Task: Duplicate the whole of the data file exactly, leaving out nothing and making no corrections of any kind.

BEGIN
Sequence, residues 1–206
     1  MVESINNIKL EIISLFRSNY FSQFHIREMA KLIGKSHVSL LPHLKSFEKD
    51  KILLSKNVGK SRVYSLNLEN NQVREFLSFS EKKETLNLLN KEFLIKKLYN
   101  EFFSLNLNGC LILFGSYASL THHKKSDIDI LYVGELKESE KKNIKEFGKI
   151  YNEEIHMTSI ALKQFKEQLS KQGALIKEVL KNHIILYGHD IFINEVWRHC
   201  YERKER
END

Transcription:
Sequence, residues 1–206
     1  MVESINNIKL EIISLFRSNY FSQFHIREMA KLIGKSHVSL LPHLKSFEKD
    51  KILLSKNVGK SRVYSLNLEN NQVREFLSFS EKKETLNLLN KEFLIKKLYN
   101  EFFSLNLNGC LILFGSYASL THHKKSDIDI LYVGELKESE KKNIKEFGKI
   151  YNEEIHMTSI ALKQFKEQLS KQGALIKEVL KNHIILYGHD IFINEVWRHC
   201  YERKER